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Backdoor Roth

This article defines the Backdoor Roth strategy and details how to enter a Backdoor Roth in your Plan.

Nancy Gates avatar
Written by Nancy Gates
Updated over a week ago

What is a Traditional IRA?

A Traditional IRA is a retirement account type that may allow an individual to contribute pre-tax dollars, taking advantage of a tax deduction in the year they contribute to the plan.

  • There are limits on annual contributions to a Traditional IRA or a Roth IRA

  • There are no income limits on contributions to a Traditional IRA

  • You may not qualify for a tax deduction on your contributions to a Traditional IRA, or you may not qualify for a full income tax deduction, if your income exceeds certain thresholds

  • Traditional IRA withdrawals are taxed at the individual's ordinary income tax rate

  • Traditional IRAs have a 10% penalty for withdrawals prior to age 59.5

  • Traditional IRAs require Required Minimum Distributions at age 72


What is a Roth IRA?

A Roth IRA is an account type that that may allow an individual to contribute after-tax dollars and avoid income tax on any future qualified withdrawals. So, Roth accounts are considered tax-exempt or tax-free.

  • There are limits on annual contributions to a Roth IRA or a Traditional IRA

  • There are income limits on contributions to a Roth IRA. If your income exceeds certain thresholds, you may not qualify for a direct contribution, or you may not qualify for a full direct contribution.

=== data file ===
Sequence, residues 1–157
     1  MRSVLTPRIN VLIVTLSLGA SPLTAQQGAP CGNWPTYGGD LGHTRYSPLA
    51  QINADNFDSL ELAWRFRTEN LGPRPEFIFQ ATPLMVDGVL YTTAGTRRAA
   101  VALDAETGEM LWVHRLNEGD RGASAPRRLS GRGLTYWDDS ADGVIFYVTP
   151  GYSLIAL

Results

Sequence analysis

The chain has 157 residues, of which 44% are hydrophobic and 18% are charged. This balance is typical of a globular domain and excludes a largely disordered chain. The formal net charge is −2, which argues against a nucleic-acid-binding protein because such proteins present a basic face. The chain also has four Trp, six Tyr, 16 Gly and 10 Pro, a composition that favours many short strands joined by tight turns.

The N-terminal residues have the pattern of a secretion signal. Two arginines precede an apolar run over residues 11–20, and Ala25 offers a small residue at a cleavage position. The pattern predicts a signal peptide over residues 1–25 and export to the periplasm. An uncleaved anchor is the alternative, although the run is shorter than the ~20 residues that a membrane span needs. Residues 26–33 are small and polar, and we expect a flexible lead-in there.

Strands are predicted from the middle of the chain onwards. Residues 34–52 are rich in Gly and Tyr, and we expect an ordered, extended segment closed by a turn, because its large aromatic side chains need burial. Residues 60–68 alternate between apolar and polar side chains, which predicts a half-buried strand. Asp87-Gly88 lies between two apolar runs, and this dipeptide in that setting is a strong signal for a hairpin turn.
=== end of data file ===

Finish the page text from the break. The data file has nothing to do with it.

What is a Backdoor Roth?

A Backdoor Roth is not an account type, it is a strategy. Anyone can convert traditional IRAs to Roth IRAs, regardless of annual income. So, the Backdoor Roth strategy may allow individuals who do not qualify for a direct contribution to a Roth IRA to circumvent the income limits. A Backdoor Roth IRA is useful for high earners whose are covered by a retirement plan at work which makes them ineligible to deduct their Traditional IRA contributions in the first place.

A backdoor Roth IRA works like this:

  1. You open a new Traditional IRA and make non-deductible contributions

  2. You immediately convert the Traditional IRA into a Roth IRA

  3. Your Roth dollars grow tax-free


How do I enter a Backdoor Roth in My Plan?

The best way to account for a Backdoor Roth in your plan is to create a Roth IRA account and add contributions representing the annual amount converted from the Traditional IRA to the Roth IRA. There will be no tax modeling when you do this, the contribution will be entered after-tax, mirroring the common process of making immediate Roth conversions.

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